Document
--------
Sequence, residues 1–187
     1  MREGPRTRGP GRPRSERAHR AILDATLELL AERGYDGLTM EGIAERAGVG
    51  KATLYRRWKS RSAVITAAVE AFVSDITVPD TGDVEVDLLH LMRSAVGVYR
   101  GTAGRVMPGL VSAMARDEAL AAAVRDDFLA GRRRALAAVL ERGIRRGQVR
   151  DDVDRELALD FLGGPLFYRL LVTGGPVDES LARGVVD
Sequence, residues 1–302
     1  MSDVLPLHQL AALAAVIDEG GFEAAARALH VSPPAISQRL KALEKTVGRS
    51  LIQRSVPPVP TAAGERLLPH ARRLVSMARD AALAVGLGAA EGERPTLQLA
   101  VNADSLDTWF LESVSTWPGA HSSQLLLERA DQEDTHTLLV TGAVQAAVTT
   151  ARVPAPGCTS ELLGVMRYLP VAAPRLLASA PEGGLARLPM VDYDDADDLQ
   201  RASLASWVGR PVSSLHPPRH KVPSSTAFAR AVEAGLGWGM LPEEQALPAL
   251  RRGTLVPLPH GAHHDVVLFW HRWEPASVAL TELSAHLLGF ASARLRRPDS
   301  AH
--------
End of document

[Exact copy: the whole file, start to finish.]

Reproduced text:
Sequence, residues 1–187
     1  MREGPRTRGP GRPRSERAHR AILDATLELL AERGYDGLTM EGIAERAGVG
    51  KATLYRRWKS RSAVITAAVE AFVSDITVPD TGDVEVDLLH LMRSAVGVYR
   101  GTAGRVMPGL VSAMARDEAL AAAVRDDFLA GRRRALAAVL ERGIRRGQVR
   151  DDVDRELALD FLGGPLFYRL LVTGGPVDES LARGVVD
Sequence, residues 1–302
     1  MSDVLPLHQL AALAAVIDEG GFEAAARALH VSPPAISQRL KALEKTVGRS
    51  LIQRSVPPVP TAAGERLLPH ARRLVSMARD AALAVGLGAA EGERPTLQLA
   101  VNADSLDTWF LESVSTWPGA HSSQLLLERA DQEDTHTLLV TGAVQAAVTT
   151  ARVPAPGCTS ELLGVMRYLP VAAPRLLASA PEGGLARLPM VDYDDADDLQ
   201  RASLASWVGR PVSSLHPPRH KVPSSTAFAR AVEAGLGWGM LPEEQALPAL
   251  RRGTLVPLPH GAHHDVVLFW HRWEPASVAL TELSAHLLGF ASARLRRPDS
   301  AH